SEMA News—August 2021

FROM THE HILL

Behind the Scenes With U.S. Representative Bill Posey

Florida Congressman Tells SEMA News About His Racing Experiences

By Eric Snyder

Bill Posey
U.S. Representative Bill Posey (R-FL) after a win at New Smyrna
Speedway.

How many members of Congress have sold more than 100 racetracks, raced professionally, and have fought to reform government at the local, state, and federal levels? If your answer was one, you guessed correctly. U.S. Representative Bill Posey (R-FL) is one of a kind. He is a former racer, classic car owner, and has been one of SEMA’s strongest supporters since his days in the Florida State Legislature. When he’s not fighting to make the federal government more accountable and fiscally responsible, he’s working to advance policy solutions that benefit racers and automotive enthusiasts.

Rep. Posey serves as the House co-chair of the Congressional Automotive Performance and Motorsports Caucus, a position he’s uniquely qualified for given that he’s owned more than 30 race cars. He enjoys driving his ’66 Chevrolet Chevelle Malibu, ’57 Chevy stock tribute and ’30 Model A Ford Speedster when he’s back home in Florida. His daily driver is a ’15 Mustang GT. The Congressman is also an accomplished stock car racer, having received the Victory Lane Racing Association award for short track driver achievement in memory of Davey and Clifford Allison presented by Bobby and Judy Allison, Living Legends of Auto Racing, and other Hall of Fame awards.

Growing up in Southern California in the ’50s, the car culture was omnipresent. As a young boy, Rep. Posey started attending short track races with his father and riding his bike to watch older children race midgets. His family moved to the Space Coast of Florida, also known for its proximity to Daytona, when he was nine; his father accepted a position working on the Delta rocket. Rep. Posey witnessed the last Daytona race on the beach in 1958 and attended the next 10 Daytona 500s at the Super Speedway. By age 13, he started racing a Harley-Davidson motorcycle. Rep. Posey purchased his first stock car at 15 and a ’54 Corvette when he was 16. He also raced a local businessman’s ’33 Ford with a fuel injected Hemi and a ’56 Chevy Gasser.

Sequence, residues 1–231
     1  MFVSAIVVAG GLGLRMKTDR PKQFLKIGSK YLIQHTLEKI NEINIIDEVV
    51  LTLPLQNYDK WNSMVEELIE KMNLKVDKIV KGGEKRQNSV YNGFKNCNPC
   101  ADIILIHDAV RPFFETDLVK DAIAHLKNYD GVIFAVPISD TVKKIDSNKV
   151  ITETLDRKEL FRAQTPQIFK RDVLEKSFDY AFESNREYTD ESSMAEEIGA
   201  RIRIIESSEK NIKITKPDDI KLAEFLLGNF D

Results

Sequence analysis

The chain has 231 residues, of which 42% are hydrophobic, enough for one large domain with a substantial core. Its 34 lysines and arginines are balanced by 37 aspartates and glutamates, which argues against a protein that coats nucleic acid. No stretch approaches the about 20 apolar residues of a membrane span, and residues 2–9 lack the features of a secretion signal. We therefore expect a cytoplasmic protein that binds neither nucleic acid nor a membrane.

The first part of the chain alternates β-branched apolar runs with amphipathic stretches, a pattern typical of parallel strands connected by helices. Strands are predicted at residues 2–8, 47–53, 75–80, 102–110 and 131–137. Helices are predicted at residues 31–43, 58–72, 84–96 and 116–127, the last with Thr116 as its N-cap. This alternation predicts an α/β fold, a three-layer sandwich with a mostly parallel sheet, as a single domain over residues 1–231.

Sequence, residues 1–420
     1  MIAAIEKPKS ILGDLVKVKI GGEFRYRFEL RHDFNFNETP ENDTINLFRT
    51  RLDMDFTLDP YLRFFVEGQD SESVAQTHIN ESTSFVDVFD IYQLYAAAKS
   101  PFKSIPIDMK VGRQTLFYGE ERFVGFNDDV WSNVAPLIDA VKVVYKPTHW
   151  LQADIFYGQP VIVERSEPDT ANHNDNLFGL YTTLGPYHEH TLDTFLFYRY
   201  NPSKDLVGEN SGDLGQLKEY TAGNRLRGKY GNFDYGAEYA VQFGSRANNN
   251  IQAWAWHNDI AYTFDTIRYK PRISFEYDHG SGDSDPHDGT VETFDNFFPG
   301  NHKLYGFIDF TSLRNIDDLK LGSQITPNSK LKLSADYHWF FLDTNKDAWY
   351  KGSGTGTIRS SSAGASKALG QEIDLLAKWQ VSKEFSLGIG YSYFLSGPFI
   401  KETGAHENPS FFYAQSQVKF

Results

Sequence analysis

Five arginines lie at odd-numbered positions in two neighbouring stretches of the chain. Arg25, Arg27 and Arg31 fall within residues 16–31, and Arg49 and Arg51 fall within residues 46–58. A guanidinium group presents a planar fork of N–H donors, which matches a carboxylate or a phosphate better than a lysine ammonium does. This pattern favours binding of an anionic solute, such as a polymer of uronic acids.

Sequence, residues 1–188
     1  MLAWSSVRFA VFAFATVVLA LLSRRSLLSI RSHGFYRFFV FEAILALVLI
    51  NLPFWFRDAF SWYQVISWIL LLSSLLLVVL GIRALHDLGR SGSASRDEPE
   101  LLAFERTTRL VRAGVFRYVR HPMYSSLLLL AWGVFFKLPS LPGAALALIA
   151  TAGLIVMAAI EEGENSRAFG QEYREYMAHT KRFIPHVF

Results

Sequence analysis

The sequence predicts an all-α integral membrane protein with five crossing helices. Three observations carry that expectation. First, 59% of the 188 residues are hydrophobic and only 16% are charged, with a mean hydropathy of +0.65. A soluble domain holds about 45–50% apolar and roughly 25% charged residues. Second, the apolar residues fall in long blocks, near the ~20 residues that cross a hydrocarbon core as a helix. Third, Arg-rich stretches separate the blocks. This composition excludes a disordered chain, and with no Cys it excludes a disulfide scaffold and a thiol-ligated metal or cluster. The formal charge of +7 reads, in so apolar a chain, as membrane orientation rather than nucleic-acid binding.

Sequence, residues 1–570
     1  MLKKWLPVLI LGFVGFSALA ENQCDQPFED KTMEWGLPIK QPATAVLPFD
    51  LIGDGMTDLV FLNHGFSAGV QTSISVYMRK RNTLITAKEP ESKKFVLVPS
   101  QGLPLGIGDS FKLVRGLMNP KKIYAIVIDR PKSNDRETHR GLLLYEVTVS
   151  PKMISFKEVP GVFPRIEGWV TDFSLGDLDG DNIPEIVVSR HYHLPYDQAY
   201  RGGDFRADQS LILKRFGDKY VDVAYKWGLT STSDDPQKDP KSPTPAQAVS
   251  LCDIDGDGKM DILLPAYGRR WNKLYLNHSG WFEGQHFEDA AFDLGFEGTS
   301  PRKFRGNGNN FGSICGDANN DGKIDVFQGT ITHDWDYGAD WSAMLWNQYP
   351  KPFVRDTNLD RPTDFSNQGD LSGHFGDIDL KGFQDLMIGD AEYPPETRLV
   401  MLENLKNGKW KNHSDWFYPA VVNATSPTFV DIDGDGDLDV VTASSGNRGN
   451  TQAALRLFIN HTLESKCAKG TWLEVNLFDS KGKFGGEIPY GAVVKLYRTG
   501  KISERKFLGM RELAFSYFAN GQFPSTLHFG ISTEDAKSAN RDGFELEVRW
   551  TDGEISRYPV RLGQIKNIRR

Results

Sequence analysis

Bill Posey
Former SEMA Chairman of the Board and member of the SEMA
Hall of Fame Doug Evans (left) and SEMA President and CEO
Chris Kersting (right) present Rep. Posey with an award at the
2017 SEMA Washington Rally.

By his senior year at Cocoa High School, Rep. Posey purchased Mercury Astronaut Gus Grissom’s ’63 fuel-injected Corvette. Of course, he raced that too. After graduating from Brevard Community College with an Associate of Arts degree in 1969, he worked as an inspector for McDonnell Douglas on the third stage of the Saturn V Apollo rocket at the Kennedy Space Center but was laid off shortly after the Moon landing. While this period of transition ended his work in aerospace, it was the start of his career in real estate, including the buying and selling of racetracks.

At the age of 21 he was primarily racing at the Eau Gallie Speedway in Melbourne, Florida. When the track closed, Rep. Posey then formed the Mid-Florida Racing Association Inc. which bought, renovated and operated the speedway. Two years later he wrote the first book ever published about race promoting.

Rep. Posey heard the call to public service in 1974 when he was recruited to join the Rockledge Planning Commission. He was elected to the Rockledge City Council in 1976, serving for 10 years.

While Rep. Posey took a 12-year break from racing after the birth of his first child, he couldn’t keep away from the track and started to race again in the ’80s, primarily at Orlando Speedworld and New Smyrna Speedway.